Should you dip your groceries in bleach or drown your groceries in UVC light to prevent exposure to the new coronavirus? First let’s look at why you may want to consider disinfecting your groceries in the first place. Even though the most recent guidance from the Centers for Disease Control (CDC) indicates the most important mode of transmission is through close contact from person to person — it may be possible to contract the virus through surfaces.
In a recent study published March 17, 2020, in The New England Journal of Medicine- the study found that the virus, known officially as SARS-CoV-2, stays on surfaces for various periods of time, depending on the nature of the surface:
• Hard surfaces like plastic, steel, countertops, and glass: 72 hours
• Porous surfaces like cardboard, paper, and fabrics: 24 hours
• Airborne in droplets released by coughing or sneezing: 3 hours
At the other hand, there were experts such as Joseph Allen, DSc, MPH, from the T.H. Chan School of Public Health at Harvard University in Boston, who wrote an op-ed in the Washington Post, basically saying: Calm down. He lays out a package handling scenario which shows why the risk of transmission between food packaging and humans in almost all cases remains very small.
Who’s right, then? They both are according to a number of health experts. Dr. Allen is right that if you’re around an infected person, the chance of COVID-19 is far greater than that of a product that might have received some droplets from anyone with symptoms, but VanWingen makes some excellent points about not spreading germs to different surfaces within the house.
Should you disinfect groceries if you have an Autoimmune Disease
People with autoimmune disorders and other health concerns have been more likely to have severe complications after contracting the virus than the general population. Physicians recommend that people with autoimmune disorders adhere to recommendations by the Centers of Disease Control and Prevention. According to the latest CDC guidelines for grocery shopping they do NOT recommend the use of disinfectants designed for hard surfaces, such as bleach or ammonia, on food packaged in cardboard or plastic wrap.
So what’s a person supposed to do?
Boston University validates UV-C light disinfection for coronavirus deactivation. A tube lamp rendered the virus 99% inactive in the lab, and could hit nearly 100% depending on the distance and intensity of the UV light.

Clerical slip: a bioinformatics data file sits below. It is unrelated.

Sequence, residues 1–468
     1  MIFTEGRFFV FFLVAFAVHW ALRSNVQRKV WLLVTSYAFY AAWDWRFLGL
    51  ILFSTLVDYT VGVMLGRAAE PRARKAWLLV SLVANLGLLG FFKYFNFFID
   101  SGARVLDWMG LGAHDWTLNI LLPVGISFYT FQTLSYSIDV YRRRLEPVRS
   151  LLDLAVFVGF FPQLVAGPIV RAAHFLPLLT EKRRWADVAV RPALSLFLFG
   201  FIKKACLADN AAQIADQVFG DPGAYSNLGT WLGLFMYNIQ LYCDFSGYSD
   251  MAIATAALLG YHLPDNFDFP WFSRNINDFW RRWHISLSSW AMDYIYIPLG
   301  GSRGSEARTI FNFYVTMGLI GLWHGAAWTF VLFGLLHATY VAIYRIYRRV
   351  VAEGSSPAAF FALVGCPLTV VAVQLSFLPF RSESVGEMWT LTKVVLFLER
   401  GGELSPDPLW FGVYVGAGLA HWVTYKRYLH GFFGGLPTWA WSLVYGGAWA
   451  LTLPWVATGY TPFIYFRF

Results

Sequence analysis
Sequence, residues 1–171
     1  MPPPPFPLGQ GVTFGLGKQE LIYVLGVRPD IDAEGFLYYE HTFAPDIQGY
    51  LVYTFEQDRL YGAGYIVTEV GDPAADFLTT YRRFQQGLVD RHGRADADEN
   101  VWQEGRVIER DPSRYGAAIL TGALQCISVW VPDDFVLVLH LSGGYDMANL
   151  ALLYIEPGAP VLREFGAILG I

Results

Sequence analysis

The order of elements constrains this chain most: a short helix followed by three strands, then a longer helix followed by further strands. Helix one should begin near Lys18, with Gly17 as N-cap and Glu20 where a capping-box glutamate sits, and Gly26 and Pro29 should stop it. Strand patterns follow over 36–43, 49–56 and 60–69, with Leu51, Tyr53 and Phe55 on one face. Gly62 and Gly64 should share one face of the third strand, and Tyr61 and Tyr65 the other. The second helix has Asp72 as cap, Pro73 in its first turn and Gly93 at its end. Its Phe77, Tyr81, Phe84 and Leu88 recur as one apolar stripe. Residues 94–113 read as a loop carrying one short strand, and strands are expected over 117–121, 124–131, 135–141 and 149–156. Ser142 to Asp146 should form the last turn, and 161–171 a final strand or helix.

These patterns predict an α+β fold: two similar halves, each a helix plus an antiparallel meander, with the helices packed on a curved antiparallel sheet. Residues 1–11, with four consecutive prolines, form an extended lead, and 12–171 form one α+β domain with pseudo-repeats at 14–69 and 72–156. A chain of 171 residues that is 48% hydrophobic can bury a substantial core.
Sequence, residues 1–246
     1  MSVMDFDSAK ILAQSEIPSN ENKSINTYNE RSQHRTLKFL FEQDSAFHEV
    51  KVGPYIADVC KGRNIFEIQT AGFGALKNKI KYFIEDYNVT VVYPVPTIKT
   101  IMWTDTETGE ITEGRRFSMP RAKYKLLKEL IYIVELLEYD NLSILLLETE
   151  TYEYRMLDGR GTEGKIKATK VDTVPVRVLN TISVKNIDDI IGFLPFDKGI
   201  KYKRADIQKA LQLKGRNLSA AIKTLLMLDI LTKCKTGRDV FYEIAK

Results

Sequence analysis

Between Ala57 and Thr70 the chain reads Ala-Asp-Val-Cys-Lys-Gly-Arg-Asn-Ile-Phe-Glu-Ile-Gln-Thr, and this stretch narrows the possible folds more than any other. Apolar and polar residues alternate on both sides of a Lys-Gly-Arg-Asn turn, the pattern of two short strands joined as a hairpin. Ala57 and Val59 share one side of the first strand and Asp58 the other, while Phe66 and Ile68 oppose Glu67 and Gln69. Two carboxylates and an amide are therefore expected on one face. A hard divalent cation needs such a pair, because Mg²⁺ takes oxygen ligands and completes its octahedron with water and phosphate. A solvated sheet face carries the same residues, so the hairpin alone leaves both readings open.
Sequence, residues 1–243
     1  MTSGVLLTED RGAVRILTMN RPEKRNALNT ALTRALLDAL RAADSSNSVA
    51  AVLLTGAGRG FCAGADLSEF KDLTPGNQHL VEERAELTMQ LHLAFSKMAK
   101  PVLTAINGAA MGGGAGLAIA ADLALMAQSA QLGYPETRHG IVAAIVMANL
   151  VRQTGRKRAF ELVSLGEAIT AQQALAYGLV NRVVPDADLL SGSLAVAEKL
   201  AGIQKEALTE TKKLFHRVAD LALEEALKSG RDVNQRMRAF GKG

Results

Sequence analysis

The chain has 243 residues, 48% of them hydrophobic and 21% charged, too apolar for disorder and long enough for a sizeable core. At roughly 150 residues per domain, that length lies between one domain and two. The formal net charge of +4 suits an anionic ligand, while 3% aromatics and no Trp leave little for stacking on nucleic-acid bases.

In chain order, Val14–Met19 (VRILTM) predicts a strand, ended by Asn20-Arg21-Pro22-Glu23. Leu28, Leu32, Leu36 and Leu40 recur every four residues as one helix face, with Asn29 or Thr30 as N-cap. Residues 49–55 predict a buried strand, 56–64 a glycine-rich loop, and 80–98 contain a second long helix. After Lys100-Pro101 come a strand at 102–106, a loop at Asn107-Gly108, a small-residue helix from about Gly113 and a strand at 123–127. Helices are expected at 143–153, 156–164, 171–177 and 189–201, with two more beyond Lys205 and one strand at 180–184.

Germbusters conducted our own tests with the GermZapper 300®. We found that within 3 seconds at a distance of 6 inches away was enough to deliver the recommended amount of UV light (22mJ/cm2) to kill SARS-CoV2, the virus that causes COVID19.
10 steps to safely unpack and prepare your groceries for UVC disinfection.
1. Once you’re home from the grocery store, take care while handling and unpacking your groceries.
2. Take the groceries out you want to disinfect and place them a few inches apart from one another.
3. Place the GermZapper 6 inches away from the groceries and move about 6 inches per second over your items.
4. Place your UV light down and turn over your groceries to the side that didn’t receive any UV light.
5. Do not expose your skin to the UVC light.
6. Do not look into the UVC light when in use.
7. Always wear protective eyewear.
8. UVC can turn the outer layer of skin of your fruit and vegetables darker color. This is only the light killing the microbes on the surfaces and does not in any way damage the inside of your food.
9. Your groceries should have received an irradiation equal to 22mJ/cm2 which is enough to kill SARS-Cov2. If you want to make certain buy germ meter stickers from www.uvcdosimeters.com.
10. When done wash your hands thoroughly with soap and water.
UVC germicidal light, when used properly, provides the safest most effective method if disinfection for groceries and any time where harsh chemicals and soaps present a problem. The GermZapper® has a variety of applications in many settings, including hospitals, public transportation, offices, retail stores, and supermarkets to name just a few.
Priced at over $1700, a hospital-grade UVC disinfection device may at first seem like an expensive option but consider the following. The average family will spend $40-$50 each month on cleaning supplies or $600 a year plus the average monthly cost of surface cleaners. According to cleaning habits and household size, surface cleaner costs range anywhere from $10 to $20 per month, or $120 to $240 per year. In addition a UVC disinfection device is never out of stock and doesn’t leave residue on surfaces.
To see and learn more about the GermZapper® please see our website.